The warnings are loud, clear, and unambiguous.
Director of National Intelligence Dan Coats told us last week that Russia is attempting to “degrade our democratic values and weaken our alliances.” A few days later, after the Mueller indictment came down, National Security Adviser H.R. McMaster noted to a Russia delegate of the Munich Security Conference, “as you can see with the FBI indictment, the evidence [of Kremlin interference] is now really incontrovertible and available in the public domain.” Most alarming were the comments of Secretary of State Rex Tillerson, who warned Russia would and is seeking to influence this year’s congressional elections and he felt the U.S. couldn’t do much about it.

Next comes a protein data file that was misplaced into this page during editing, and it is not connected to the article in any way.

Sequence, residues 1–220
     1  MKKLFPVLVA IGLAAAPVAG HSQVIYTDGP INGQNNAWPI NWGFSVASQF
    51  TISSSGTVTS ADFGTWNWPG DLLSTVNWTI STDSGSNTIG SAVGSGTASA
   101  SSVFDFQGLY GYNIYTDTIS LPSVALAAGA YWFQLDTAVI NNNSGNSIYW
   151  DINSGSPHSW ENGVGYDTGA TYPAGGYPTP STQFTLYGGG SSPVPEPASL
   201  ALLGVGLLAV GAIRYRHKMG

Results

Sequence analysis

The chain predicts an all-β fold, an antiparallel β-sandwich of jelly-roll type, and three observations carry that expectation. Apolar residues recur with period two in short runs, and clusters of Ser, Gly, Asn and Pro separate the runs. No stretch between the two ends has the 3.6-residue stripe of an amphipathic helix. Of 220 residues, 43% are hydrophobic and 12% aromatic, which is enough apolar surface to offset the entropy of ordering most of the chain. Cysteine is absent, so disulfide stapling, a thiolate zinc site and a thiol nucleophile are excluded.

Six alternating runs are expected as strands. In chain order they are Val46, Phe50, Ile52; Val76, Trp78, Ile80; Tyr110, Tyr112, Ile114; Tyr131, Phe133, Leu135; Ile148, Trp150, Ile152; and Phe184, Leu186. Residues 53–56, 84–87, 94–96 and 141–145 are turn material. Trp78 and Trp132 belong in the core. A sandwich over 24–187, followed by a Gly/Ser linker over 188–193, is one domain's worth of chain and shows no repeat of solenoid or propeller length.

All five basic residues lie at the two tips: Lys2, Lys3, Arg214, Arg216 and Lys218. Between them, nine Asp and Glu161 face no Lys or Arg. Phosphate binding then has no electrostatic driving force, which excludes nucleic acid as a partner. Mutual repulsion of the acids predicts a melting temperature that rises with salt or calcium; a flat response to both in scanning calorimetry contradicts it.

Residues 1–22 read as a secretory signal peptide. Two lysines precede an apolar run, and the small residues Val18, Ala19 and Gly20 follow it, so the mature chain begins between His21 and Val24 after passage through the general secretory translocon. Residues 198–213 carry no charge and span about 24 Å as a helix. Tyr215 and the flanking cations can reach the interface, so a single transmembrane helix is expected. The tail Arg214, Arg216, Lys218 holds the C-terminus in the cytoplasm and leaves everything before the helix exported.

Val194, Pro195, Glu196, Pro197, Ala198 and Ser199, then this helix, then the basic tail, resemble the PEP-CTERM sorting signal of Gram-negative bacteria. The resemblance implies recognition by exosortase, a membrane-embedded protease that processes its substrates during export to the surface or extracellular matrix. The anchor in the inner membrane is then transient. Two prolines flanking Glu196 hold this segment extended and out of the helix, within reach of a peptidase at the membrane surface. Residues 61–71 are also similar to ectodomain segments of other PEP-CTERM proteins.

That’s just not true. Over the past year, I’ve testified four times to Senate committees regarding Russian influence operations and briefed nearly every arm of the government on what the U.S. could do to protect itself against Kremlin meddling moving forward. There are a variety of ways in which American companies and the American government could meet Vladimir Putin’s challenge—from hardening our electoral systems to banning social media bots to imposing sanctions on the Russian troll farmers.